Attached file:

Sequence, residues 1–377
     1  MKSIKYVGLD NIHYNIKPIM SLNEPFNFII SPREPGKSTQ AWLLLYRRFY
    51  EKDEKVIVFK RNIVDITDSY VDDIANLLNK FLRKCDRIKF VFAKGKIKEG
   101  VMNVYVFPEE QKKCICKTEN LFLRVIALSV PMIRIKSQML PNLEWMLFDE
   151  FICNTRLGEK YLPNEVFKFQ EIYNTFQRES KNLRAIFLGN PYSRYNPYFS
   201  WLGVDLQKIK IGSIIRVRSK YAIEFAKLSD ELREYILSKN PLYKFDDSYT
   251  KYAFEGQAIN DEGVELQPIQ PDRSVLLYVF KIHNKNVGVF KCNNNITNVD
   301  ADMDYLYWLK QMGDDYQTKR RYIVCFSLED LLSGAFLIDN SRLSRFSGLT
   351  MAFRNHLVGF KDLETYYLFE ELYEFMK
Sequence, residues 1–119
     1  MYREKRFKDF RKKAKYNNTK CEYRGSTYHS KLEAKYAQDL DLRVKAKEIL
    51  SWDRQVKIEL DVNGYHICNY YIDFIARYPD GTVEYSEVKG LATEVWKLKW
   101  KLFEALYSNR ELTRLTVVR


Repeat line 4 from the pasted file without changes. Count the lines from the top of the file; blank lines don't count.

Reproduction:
   101  VMNVYVFPEE QKKCICKTEN LFLRVIALSV PMIRIKSQML PNLEWMLFDE